Giving to medical causes sees healthy increase
Wealthy donors who have had a personal brush with serious illness are reportedly rethinking how to best use their fortunes. Many wealthy donors are now making large gifts to health causes as a result of their own life-threatening illnesses. Some donors “quietly admit that they hope to buy a little more time for themselves and their kin by underwriting scientists whose advances might translate into greater personal longevity.”
Regardless of the reasons behind the gifts, private donations to health-related causes have increased 40% since 1991, making this the fastest-growing sector of giving. Donations to healthcare totaled $13.9 billion in 1996.
Source: The Wall Street Journal, January 6, 1998
“High-profile” donor makes unusual request
When millionaire Evelyn Davis made a $100,000 gift to Duke University, there were strings attached–not only did she want a plaque bearing her name placed on campus, but the plaque must be kept polished and in a prominent spot. The unusual stipulation associated with Ms. Davis’s gift is one to which Duke, as well as other recipients such as Northwestern and Penn State, has agreed.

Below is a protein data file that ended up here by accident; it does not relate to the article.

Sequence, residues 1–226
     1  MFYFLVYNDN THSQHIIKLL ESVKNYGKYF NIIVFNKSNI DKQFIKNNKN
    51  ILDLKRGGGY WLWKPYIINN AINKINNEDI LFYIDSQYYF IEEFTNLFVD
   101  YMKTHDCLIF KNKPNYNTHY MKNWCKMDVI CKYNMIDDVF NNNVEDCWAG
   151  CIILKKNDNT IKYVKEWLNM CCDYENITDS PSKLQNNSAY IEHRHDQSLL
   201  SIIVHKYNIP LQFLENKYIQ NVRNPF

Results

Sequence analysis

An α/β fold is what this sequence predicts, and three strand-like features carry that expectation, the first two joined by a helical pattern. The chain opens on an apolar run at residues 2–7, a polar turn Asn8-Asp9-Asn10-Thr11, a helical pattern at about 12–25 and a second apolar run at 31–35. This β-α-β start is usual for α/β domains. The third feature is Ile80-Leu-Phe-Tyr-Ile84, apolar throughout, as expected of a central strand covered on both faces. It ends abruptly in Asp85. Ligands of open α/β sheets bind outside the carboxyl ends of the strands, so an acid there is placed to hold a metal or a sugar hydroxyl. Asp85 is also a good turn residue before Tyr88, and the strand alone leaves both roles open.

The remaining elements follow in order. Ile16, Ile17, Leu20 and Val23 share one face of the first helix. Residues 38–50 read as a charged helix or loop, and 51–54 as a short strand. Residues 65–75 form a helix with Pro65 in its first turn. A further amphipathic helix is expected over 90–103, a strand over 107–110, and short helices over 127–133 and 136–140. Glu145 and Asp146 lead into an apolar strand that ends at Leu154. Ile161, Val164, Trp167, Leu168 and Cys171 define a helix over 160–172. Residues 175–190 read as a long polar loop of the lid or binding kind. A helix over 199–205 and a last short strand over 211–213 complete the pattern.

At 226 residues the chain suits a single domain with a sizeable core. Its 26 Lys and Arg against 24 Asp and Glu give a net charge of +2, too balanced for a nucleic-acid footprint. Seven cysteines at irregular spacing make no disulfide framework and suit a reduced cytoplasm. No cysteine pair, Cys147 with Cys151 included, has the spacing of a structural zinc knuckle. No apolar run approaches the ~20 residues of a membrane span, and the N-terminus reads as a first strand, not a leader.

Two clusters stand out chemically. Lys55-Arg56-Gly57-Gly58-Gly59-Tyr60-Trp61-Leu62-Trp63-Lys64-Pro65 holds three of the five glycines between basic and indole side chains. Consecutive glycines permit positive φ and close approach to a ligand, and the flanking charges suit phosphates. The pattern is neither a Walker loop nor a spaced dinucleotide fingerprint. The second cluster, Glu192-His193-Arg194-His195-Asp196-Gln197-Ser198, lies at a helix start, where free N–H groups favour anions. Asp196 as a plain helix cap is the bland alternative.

Owner of stock in more than 110 companies and editor and publisher of a corporate business newsletter since 1965, Ms. Davis said, “I’m a high-profile person, and I want high-profile plaques.” To make sure her plaque at Duke measures up to her standards, Ms. Davis plans to drop in for unannounced visits. And after her death, Ms. Davis has arranged for her executor to check up annually on all of her plaques to assure that they are shiny and visible.
Source: The Chronicle of Higher Education, January 23, 1998
Charitable deductions increased in 1995
According to Internal Revenue Service statistics, the total amount claimed on tax returns for charitable deductions rose 6.3% to $75 billion in 1995, up from $70.5 billion in 1994.
The average charitable deduction contribution claimed per return rose from $2,363 in 1994 to $2,455 in 1995. Ten years before in 1985, the average charitable contribution deduction per return was $1,326.
The number of persons who itemized their charitable contributions increased 2.3% from 29.8 million to 30.5 million. This increase, combined with a 4% increase in the average amount deducted, resulted in the total increase of 6% in itemized contributions. This information underscores the importance of reminding donors to make gifts before year-end in order to qualify for full tax benefits this year.
Source: The Chronicle of Philanthropy, January 29, 1998